The role of N-acetylcysteine (NAC), a glutathione precursor, in the treatment of acetaminophen-induced acute liver failure is well established.
But what about liver failure not related to acetaminophen use?
A 2009 prospective study with historical controls of 47 adult patients was done diagnosed with non-acetaminophen-induced acute liver failure.
The two groups were comparable for the etiology of liver failure, prothrombin time (PT), alanine aminotransferase, creatinine, albumin, etc.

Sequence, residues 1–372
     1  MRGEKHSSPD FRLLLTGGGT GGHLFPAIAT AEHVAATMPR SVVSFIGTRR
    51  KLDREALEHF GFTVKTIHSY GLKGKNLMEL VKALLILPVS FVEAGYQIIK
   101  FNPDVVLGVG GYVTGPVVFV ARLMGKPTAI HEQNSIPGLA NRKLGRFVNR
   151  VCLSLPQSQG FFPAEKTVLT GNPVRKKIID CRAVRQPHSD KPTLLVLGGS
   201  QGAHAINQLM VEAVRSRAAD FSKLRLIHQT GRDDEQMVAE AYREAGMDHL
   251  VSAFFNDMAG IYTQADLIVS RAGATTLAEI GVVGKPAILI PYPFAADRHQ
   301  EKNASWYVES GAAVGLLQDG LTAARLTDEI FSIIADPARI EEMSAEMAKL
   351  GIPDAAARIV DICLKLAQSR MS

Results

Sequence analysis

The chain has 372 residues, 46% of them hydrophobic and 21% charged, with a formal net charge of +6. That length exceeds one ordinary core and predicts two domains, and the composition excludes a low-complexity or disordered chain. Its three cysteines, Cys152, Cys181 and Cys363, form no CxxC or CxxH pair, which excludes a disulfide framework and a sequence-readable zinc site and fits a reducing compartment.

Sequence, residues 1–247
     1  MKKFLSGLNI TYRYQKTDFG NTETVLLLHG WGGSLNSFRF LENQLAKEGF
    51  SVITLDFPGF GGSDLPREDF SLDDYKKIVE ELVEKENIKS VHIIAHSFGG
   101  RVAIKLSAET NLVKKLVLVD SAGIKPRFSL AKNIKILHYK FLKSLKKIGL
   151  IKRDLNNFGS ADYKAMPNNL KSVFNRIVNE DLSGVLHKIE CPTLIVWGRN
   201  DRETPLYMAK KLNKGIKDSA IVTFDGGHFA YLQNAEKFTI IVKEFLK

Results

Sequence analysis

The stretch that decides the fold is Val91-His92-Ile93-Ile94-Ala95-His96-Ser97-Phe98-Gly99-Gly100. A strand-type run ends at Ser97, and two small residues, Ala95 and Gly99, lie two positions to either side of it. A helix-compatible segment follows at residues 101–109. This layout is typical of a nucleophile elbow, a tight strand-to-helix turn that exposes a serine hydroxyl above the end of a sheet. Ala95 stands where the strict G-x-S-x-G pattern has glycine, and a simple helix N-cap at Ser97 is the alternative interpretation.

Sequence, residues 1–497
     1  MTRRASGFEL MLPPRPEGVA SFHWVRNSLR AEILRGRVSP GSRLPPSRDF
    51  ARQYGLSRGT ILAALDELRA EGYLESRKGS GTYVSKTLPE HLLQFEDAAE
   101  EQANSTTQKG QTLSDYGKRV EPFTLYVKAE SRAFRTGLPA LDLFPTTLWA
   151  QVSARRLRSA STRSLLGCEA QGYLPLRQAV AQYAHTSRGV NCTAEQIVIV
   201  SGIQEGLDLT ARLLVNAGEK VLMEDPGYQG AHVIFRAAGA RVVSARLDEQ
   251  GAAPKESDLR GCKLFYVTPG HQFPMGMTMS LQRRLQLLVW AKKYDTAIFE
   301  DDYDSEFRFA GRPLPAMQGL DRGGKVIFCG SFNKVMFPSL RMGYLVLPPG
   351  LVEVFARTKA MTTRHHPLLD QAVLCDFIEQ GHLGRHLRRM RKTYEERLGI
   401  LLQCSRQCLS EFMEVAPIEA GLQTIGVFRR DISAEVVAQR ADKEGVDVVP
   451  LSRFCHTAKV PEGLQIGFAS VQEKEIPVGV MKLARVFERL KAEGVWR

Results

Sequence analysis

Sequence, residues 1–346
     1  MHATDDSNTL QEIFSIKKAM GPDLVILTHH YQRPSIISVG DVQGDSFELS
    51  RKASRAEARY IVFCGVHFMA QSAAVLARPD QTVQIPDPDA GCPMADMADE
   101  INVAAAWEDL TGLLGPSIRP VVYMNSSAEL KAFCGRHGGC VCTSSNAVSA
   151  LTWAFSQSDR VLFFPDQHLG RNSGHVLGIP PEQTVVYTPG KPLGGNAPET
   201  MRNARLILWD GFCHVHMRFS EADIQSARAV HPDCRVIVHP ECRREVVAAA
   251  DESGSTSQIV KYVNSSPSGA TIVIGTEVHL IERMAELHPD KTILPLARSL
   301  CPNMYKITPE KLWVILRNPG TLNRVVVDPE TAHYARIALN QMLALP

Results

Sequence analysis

On multivariable regression analysis, independent predictors of mortality were:
- patients not given NAC (odds ratio [OR] = 10.3, 95% confidence interval [CI] = 1.6–65.7)
- age older than 40 years (OR = 10.3, 95% CI = 2.0–52.5)
- PT more than 50 s (OR = 15.4, 95% CI = 3.8–62.2)
- patients requiring mechanical ventilation (OR = 20.1, 95% CI = 3.1–130.2)
- interval between jaundice and hepatic encephalopathy > 7 days (OR = 5.0, 95% CI = 1.3–19.1)
Take home point: The use of NAC correlates with a reduction in non-acetaminophen induced acute liver failure mortality and its use was safe.
Submitted by Kelly Estes.
Reference: Mumtaz K, Azam Z, Hamid S et al: Role of N-acetylcysteine in adults with non-acetaminophen-induced acute liver failure in a center without the facility of liver transplantation. Hepatol Int, 2009; 3: 563–70; picture